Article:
She had a history of five births and two abortions. The patient informed us that she sometimes
took iron salts because of anemia of iron deficiency.
The clinical examination showed signs of
iron deficiency such as cheilitis and spoon-shaped
Hematological tests showed the presence of an
iron deficiency anemia (serum Fe 40 μg/dl, ferritin
50 ng/ml, Hb 9.6 g/dl, Ht 29%). The examination of
peripheral blood smear revealed hypochromia and
aniso-poikilocytosis. Tests for other causes of chronic
anemia were negative. The patient’s esophagogram
revealed the presence of a web in the subcricoid
region (Figure 1) and the endoscope did not
pass through at the level of the web. The patient
was treated with oral ferrous agent, 150 mg daily
(p.o.) for three weeks, in addition to esophageal dilation
with Eder-Pustov dilators. After dilation,
the endoscope passed through the esophagus easily,
but there were remnants of the web (Figure
2). The remaining esophagus, stomach and duodenum
were normal. The patient was given iron salt
for four months until the hematological tests normalized.The remnant webs disappeared in the follow-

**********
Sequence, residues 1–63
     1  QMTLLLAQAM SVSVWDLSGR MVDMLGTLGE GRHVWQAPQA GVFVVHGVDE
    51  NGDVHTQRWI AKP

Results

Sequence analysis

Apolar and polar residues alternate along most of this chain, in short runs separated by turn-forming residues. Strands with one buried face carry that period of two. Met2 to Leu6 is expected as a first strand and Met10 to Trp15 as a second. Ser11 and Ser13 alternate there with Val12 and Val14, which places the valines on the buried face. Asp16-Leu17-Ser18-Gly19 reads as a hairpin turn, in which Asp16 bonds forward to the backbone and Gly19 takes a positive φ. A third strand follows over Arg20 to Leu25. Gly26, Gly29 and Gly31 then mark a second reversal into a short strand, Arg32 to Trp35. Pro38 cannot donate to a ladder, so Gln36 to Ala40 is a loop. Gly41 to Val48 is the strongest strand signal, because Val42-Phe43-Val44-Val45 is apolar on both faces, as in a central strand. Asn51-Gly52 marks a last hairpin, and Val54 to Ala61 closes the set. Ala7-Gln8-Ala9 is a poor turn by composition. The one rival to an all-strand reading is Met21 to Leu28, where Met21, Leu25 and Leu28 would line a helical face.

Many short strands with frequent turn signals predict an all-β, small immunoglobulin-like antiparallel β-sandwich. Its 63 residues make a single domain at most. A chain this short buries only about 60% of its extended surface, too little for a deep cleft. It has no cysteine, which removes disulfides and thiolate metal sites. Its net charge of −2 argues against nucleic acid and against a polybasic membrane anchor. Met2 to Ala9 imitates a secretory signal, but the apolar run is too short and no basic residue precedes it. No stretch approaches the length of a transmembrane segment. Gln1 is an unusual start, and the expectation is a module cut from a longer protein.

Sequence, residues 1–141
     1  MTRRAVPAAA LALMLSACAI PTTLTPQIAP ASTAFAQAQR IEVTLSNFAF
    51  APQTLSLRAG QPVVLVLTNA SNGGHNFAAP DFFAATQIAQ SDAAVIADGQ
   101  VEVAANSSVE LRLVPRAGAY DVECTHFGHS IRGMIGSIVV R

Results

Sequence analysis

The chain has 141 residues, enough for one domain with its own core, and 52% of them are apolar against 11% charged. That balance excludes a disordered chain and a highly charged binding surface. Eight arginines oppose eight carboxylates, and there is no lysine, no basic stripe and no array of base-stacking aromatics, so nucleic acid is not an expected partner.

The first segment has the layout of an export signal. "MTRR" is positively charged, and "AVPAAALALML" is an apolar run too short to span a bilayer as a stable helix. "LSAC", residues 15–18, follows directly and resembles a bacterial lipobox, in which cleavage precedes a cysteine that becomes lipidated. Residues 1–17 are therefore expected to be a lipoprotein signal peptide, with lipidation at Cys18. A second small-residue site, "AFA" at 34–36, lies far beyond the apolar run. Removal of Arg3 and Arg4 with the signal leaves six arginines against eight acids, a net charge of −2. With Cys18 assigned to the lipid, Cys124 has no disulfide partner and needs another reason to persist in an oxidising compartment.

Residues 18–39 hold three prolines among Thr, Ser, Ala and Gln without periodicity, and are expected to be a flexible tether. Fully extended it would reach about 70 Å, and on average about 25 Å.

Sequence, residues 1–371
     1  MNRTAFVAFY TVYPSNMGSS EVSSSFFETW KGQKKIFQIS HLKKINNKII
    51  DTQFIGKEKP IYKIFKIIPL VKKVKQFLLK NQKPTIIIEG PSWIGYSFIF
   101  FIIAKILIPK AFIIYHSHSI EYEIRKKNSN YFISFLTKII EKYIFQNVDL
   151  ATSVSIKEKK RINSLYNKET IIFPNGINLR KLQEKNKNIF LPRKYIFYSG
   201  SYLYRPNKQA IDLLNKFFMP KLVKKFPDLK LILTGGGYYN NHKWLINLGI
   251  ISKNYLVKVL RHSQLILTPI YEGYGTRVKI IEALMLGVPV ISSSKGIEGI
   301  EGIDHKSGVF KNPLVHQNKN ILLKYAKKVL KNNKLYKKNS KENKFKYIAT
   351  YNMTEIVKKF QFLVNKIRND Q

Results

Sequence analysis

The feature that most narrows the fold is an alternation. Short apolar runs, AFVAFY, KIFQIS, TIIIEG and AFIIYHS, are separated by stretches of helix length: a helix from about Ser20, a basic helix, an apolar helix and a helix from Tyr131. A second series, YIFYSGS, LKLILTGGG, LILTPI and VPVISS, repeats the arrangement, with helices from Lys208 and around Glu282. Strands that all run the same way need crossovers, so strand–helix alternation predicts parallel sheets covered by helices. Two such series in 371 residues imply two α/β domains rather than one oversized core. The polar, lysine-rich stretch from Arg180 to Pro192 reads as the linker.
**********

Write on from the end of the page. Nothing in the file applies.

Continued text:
up upper endoscopic examination. Two years
later the patient was found to be well and she continues
to be healthy.
A 45-year-old woman presented with progressive
dysphagia and repeated episodes of menorrhagia
over the preceding three-year period. The patient
reported that she sometimes experienced choking
and aspiration at eating. The clinical examination
revealed signs of iron deficiency anemia, such as
glossitis and spoon-shaped nails. Ultrasonographic
examination of the lower abdomen showed normal
uterus and the diagnostic curettage was also
Esophagogram showed a ring in part of the upper
esophagus. The esophagoscopy confirmed the
presence of a web in the sub-cricoid region and the
instrument did not pass through at the level of the
web (Figure 3).
Hematological tests showed signs of iron deficiency
anemia including hypochromia, microcytosis
(serum Fe: 47 g/dl, serum ferritin: 52 ng/ml, Ht
33%, Hb 10.8 g/dl, MCHC 28%). The examination
of peripheral blood smear revealed the presence of
hypochromia, poikilocytosis and target cells. The
patient was investigated for other causes of chronic
anemia, and all results were negative.
The patient was treated with oral ferrous agent,
150 mg daily (p.o.) for three weeks, in addition to
esophageal dilation with a balloon. Balloon dilation
was successful under scopic control. After balloon
dilation, endoscope passed through the esophagus
easily (Figure 4) and the remainder of the esophagus, stomach and duodenum were normal.